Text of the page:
Talking with parents about aging is difficult but necessary
July 24, 2011
When parents grow older, one of the most difficult tasks is to talk to them about their future. No one wants to admit that they are reaching the age where they may need help with daily life. The role reversal between parent and child can be a difficult one to accept for either party.
Chris Scott, a family caregiver, told the Vancouver Sun that he and his family waited too long to discuss the future with his wife's grandmother. It was a challenge, as they lacked options when trying to find assisted living facilities that suited her needs.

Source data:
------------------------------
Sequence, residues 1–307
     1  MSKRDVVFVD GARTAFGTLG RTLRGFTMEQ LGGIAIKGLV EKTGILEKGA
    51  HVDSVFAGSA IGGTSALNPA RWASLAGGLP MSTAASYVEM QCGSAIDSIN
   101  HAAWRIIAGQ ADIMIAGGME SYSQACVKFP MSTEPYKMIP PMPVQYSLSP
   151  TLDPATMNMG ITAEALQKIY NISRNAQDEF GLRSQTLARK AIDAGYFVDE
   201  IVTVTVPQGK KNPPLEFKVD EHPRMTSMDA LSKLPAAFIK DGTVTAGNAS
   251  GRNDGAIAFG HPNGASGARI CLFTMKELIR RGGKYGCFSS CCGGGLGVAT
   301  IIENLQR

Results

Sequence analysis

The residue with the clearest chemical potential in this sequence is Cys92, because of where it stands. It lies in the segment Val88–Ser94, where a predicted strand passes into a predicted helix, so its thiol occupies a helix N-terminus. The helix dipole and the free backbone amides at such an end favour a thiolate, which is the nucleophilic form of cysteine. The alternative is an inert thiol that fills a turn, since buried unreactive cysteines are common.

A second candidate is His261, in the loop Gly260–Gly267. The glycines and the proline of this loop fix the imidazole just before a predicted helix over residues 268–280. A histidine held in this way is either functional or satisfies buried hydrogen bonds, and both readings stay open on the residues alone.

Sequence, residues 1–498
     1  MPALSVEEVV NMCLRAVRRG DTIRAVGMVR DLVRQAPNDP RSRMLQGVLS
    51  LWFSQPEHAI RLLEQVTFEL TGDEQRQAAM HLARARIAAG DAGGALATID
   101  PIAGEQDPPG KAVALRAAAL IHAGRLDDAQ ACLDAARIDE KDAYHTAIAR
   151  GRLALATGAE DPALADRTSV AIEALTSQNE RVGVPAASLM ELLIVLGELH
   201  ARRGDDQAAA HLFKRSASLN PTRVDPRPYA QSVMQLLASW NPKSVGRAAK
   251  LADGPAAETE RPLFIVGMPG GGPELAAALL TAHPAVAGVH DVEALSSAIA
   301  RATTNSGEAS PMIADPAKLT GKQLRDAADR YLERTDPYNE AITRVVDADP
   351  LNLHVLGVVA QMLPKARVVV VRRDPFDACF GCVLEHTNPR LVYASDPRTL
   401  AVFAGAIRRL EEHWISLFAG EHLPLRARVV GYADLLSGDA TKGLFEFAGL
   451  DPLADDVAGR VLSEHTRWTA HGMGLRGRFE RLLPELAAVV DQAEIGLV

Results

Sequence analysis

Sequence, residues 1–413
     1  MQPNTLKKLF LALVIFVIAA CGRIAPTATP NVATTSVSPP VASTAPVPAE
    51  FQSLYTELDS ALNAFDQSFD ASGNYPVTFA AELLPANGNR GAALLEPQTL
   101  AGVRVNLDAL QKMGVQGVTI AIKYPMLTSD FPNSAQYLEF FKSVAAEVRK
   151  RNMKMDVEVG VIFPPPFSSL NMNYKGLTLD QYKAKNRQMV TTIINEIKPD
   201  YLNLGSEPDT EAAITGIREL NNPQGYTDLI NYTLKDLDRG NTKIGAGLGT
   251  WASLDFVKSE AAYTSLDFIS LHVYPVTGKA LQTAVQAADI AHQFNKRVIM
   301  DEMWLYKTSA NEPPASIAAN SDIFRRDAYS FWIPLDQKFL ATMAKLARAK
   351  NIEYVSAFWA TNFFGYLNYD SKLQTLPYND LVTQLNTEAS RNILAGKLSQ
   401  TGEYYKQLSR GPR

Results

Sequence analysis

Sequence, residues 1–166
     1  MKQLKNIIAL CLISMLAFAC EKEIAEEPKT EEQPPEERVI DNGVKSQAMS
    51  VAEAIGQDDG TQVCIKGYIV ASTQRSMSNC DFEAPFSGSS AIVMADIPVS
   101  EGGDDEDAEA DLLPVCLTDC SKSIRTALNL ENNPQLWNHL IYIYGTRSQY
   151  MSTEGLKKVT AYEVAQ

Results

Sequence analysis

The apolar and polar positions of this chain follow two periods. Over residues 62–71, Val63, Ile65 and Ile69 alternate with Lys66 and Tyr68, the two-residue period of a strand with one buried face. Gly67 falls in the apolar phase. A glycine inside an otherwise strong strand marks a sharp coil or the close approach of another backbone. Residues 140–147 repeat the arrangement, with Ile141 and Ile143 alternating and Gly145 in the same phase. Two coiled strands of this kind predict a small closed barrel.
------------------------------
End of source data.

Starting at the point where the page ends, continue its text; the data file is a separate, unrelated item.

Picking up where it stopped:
When Scott's mother began to show signs of aging, the family immediately began talking about the possible choices for her future, and she had the added experience of visiting nursing homes in advance to find the right facility to suit her healthcare needs.
"But you can't just walk in off the street and get that," Scott told the news source. "You have to do research, get on waiting lists, plan years ahead."
A personal emergency response system can keep an eye on aging loved ones while decisions are being made. An older individual can benefit from a medical alert system, as it may allow them to remain independent for longer.